Sept. 30, 2008
Today we parted ways with the motorcycle crew. They’re headed west toward the North Rim of the Grand Canyon, then on home to various points in northern Utah and southeastern Idaho. We’re headed not quite so far west. They also wanted to stick with pavement, but we opted for dirt Highway 126 which cut off about 60 miles on our route through Cuba. I’d checked with a local who assured me the road was very well maintained and scenic. “You’ll love it,” he said.
Well, he was absolutely right! The road is designated a “scenic highway” though 14 miles of it are entirely unpaved (and impassable in winter, according to signage). The road seemed to have been very recently graded. The newly cleaned gutters on the sides of the road were so fresh they didn’t even look like rain had fallen on them. Then, around a corner, we came face to face with the grader working on the last bit of the multiple week project to prep this road for winter. Once he passed us heading east, we continued west on the BEST dirt road I’ve EVER driven. (How can you top being first behind the work crew?)
Highway 126 leads through a forest with a mixture of fir, pine and aspen trees. The aspens are changing colors, and some are so golden yellow the leaves look like gold falling from the sky. The road gently winds and climbs through the Santa Fe Forest then curves and dips into Cuba, NM where we filled up with gas, ice and some chalk then carried on, about an hour ahead of the motorcyclists who’d left at the same time we did.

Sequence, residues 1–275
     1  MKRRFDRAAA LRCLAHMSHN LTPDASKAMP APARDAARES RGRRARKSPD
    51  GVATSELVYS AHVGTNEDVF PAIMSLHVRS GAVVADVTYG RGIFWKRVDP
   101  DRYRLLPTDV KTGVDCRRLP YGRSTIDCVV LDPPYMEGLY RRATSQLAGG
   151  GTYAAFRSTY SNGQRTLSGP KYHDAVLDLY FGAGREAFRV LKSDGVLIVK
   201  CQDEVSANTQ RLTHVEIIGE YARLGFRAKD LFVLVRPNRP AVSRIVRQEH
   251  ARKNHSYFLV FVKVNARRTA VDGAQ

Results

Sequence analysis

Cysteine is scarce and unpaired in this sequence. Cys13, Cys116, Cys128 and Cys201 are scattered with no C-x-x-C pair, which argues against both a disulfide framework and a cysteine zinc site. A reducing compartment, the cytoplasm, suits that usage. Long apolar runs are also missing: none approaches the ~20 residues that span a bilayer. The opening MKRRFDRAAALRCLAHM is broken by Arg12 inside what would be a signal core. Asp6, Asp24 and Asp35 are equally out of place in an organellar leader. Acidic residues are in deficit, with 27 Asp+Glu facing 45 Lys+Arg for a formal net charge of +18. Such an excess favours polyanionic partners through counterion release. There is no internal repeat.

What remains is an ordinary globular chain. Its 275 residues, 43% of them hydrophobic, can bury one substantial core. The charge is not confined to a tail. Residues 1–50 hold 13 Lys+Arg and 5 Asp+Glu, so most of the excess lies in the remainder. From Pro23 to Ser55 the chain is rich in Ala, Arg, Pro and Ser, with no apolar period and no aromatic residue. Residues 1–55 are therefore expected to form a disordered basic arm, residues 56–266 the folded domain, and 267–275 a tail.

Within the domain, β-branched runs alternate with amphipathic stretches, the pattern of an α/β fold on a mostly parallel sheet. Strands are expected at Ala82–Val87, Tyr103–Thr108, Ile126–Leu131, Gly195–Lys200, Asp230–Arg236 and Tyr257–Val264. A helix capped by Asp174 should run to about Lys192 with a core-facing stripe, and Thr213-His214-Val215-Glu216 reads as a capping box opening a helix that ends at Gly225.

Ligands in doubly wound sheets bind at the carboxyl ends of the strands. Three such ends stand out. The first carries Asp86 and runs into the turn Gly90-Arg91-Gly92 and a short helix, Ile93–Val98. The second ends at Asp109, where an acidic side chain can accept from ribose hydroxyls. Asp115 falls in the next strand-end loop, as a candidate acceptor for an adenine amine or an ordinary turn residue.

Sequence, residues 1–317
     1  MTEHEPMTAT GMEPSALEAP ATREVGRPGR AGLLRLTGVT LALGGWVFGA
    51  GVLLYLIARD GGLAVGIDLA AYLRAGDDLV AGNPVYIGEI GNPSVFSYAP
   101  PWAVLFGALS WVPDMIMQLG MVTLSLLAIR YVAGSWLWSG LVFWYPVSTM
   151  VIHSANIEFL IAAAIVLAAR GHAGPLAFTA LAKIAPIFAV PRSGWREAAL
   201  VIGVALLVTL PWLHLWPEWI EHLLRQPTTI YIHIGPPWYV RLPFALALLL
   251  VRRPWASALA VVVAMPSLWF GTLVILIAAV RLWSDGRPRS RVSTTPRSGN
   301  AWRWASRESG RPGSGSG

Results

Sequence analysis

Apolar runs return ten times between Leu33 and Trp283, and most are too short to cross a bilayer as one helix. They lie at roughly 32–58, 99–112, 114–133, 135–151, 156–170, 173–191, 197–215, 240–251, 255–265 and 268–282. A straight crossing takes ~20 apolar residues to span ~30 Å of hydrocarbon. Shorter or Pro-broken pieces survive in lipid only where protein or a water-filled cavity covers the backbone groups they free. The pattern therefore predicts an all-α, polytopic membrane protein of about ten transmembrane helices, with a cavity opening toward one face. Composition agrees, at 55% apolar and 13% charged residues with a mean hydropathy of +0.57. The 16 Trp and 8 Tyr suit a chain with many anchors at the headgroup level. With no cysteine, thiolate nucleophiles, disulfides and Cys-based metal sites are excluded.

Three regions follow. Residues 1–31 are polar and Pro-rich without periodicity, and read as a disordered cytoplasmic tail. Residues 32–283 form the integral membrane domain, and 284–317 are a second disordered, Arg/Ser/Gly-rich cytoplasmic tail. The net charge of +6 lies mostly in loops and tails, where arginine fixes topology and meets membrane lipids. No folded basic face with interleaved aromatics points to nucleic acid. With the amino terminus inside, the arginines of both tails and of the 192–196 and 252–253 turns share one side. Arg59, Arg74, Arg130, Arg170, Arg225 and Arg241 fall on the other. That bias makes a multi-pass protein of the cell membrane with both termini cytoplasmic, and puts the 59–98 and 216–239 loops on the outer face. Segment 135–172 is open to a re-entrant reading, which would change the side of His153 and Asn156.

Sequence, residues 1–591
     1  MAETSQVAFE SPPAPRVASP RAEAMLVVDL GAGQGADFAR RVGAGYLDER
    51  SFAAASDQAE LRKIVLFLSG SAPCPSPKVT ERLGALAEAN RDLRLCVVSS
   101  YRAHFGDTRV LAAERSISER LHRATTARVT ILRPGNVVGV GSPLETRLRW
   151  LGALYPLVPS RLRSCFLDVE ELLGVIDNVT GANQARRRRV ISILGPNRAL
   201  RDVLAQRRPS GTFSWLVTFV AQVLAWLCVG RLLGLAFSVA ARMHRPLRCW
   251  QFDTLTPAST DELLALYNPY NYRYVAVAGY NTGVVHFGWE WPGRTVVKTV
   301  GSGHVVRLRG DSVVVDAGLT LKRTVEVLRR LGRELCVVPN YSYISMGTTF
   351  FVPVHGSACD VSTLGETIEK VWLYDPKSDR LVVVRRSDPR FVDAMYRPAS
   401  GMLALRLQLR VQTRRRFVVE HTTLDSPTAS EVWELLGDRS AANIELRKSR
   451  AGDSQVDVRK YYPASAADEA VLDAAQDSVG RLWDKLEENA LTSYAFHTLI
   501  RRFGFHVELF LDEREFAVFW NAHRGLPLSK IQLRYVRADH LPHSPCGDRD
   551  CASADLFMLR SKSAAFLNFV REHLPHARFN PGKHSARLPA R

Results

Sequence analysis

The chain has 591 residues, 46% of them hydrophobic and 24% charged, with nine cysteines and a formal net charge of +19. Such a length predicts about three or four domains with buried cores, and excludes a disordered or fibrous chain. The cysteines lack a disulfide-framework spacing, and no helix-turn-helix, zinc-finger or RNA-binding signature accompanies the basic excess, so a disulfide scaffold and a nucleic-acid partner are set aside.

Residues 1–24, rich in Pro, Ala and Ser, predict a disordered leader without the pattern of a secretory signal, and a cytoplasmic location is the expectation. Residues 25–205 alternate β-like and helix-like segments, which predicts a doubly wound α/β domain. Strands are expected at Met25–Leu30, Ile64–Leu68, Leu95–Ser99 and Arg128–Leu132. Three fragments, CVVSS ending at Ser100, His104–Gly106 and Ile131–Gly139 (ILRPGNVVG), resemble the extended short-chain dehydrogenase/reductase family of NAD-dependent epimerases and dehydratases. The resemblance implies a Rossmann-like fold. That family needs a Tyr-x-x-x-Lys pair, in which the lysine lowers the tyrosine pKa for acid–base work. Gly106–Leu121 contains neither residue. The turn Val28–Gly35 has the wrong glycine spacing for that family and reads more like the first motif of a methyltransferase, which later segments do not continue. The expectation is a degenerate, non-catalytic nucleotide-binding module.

We knew they were on our tail, so we found a spot off Highway 550/44 near the turnoff to Chaco Culture National Historic Monument and left a message on the pavement for them. Then we turned down a paved road that turned to eight miles of the WORST dirt road I’ve ever travelled with the van. The washboard was horrendous. It’s amazing this stretch hasn’t been paved, given all the traffic into this national park.
We nabbed a camp, but missed out on the only four camps that shared the two trees in the campground. Still, the camping spots are well spaced apart, and most of our neighbors seem not just considerate, but downright friendly. We’re headed to the ranger program tonight (archeo-astronomy) and to check out the view of the cosmos from the park’s telescope. Chaco is said to be the only park in the system with it’s own planetarium.
The family in the neighboring camp is another mom traveling with her kids (three kids) with dad joining in as his work schedule allows. It seems to work for a lot of families. This family (Tessa, Jazy, Charles and Leah), has “Daddy on a Stick,” a popsicle stick with a life-size photo of their Dad’s face to keep things interesting.